Steven Tyrrell jumped at the chance to work on a science and engineering project that had an environmental benefit, was
with a local company - and, he says, unique to New Zealand.
He is part of a joint project between Pacific Lithium Ltd and the University of Auckland to recycle lithium. The rare
metal is recycled from batteries used in items such as laptop computers, camcorders, cellphones and personal organisers.
The project aims at developing the means to turn what would normally be dumped, into energy that might one day cheaply
power hybrid electric vehicles.
Mr Tyrrell, 27, is a University of Auckland chemical engineering student aiming at a PhD. His project at Pacific Lithium
is supported by Technology New Zealand's Graduates in Industry Fellowship (GRIF), under which students do research
projects with businesses for their degrees.
"This [GRIF scheme] benefits all parties by combining access to the facilities and expertise of the university, with the
practical aspects of private enterprise," Pacific Lithium's research and development vice-president Paul Pickering says.
Mr Tyrrell says the project provided a good opportunity to put his engineering skills to work.
"Lithium is very popular for batteries because it combines high voltage and high energy with light weight," he says.
"But there is the problem of what to do with them once they've been used up." Dr Pickering says that extracting lithium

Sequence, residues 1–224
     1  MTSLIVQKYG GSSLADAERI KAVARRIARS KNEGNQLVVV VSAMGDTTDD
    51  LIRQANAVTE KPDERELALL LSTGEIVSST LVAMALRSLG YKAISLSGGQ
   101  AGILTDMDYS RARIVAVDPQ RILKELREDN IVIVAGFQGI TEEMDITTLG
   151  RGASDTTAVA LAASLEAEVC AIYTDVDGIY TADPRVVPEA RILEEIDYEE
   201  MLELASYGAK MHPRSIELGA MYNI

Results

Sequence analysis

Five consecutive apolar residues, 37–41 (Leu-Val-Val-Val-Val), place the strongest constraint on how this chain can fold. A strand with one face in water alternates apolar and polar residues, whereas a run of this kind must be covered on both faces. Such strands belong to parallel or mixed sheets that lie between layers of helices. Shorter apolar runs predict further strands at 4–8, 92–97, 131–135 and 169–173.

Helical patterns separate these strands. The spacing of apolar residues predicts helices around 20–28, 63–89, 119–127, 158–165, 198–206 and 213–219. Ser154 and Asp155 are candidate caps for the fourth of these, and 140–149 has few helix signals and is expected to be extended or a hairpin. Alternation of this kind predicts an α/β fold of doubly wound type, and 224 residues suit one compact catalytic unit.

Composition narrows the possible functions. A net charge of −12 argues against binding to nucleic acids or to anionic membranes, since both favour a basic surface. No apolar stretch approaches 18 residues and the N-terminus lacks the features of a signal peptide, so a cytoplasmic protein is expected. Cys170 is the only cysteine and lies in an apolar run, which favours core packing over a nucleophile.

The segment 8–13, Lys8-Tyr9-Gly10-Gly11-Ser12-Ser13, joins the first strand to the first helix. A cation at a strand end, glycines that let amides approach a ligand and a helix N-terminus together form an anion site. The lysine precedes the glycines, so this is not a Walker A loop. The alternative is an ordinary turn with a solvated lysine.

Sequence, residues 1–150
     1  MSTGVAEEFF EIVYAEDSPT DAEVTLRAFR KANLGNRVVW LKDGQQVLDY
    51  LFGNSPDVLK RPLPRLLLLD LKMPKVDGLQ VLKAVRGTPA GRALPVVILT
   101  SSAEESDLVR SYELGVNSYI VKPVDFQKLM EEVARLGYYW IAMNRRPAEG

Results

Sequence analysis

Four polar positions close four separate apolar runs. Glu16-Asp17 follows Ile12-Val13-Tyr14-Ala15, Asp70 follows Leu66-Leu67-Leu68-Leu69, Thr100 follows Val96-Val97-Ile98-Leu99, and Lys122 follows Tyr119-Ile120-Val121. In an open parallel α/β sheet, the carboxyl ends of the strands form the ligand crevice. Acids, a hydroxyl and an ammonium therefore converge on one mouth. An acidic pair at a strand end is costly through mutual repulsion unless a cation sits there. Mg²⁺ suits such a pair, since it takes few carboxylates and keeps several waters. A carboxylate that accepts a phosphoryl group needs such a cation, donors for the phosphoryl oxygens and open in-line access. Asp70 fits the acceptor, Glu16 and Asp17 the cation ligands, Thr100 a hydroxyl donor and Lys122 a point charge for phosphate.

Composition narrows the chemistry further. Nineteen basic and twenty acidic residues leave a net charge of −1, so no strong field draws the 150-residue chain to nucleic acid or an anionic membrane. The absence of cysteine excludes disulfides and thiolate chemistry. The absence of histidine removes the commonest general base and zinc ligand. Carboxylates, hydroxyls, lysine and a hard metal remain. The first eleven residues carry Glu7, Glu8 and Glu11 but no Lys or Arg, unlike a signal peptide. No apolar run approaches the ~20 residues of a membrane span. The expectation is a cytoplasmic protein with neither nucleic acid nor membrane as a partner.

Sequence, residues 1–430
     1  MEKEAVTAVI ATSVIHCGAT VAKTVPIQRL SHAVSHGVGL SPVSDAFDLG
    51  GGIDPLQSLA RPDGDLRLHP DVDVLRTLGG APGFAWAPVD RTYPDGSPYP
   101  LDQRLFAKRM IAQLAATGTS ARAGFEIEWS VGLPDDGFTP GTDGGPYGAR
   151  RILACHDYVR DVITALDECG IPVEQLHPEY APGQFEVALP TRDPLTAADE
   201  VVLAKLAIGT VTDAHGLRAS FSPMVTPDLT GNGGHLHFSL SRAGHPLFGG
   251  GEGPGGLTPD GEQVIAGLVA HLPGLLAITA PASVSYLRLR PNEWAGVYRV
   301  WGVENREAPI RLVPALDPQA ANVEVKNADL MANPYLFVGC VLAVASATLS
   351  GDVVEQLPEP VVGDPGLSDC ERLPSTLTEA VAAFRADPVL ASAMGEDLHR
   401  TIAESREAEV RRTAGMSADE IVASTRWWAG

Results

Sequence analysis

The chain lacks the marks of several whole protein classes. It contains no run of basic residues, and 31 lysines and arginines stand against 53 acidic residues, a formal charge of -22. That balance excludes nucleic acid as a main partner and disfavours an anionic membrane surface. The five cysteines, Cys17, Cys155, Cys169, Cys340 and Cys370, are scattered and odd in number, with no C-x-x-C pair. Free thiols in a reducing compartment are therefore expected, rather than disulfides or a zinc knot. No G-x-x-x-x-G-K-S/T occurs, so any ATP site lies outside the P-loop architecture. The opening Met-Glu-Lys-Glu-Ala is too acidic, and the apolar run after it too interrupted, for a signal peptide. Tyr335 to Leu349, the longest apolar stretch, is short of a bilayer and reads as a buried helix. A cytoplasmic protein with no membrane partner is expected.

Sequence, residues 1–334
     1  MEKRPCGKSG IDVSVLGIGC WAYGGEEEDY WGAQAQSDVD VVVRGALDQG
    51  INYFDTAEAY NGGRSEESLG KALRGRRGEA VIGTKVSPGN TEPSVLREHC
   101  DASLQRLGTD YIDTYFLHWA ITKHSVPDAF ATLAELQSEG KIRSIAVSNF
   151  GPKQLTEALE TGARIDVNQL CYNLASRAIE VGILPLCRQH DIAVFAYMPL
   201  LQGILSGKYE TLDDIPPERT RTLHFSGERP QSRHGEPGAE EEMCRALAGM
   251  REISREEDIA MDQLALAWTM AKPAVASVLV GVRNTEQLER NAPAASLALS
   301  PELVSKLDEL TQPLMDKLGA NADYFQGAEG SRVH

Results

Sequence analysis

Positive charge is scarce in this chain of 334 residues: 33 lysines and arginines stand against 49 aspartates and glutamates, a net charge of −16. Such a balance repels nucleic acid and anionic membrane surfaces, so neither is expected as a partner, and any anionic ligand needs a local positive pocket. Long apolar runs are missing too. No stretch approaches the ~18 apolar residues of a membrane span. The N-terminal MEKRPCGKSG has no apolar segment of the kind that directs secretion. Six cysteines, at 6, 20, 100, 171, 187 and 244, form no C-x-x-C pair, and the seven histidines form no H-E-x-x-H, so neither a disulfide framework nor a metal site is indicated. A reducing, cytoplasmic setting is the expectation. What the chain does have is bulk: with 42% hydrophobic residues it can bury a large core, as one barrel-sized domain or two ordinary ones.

economically is key to the firm's goal of reducing the batteries' price by 75 percent. "That means lithium batteries to
power hybrid electric vehicles can then become viable," he says.
Hybrid - petrol or diesel/electric-powered - vehicles are becoming popular in Japan, he says. "It just about doubles
their range." The world's supply of lithium, which is the lightest metallic element, comes as a concentrated solution
from a Chilean lake high in the Andes ranges. Dr Pickering says that Pacific Lithium has also found "a significant
source" recently high on the Tibetan Plateau.
Mr Tyrrell says he is working on building specialist equipment for a pilot extraction plant.
"We don't cut open the used batteries ourselves. A company in the United States does that and ships us a lithium-rich
extract material, which we process using our hybrid purification system to recover the lithium. "Lithium is extremely
dangerous in the air. It catches fire. What we get is a toxic sludge. So I mix water with it to extract the lithium
using specialist equipment." He says that neither the concept nor technology is new, "but we're adapting what's already
there. What we're doing is unique to this country".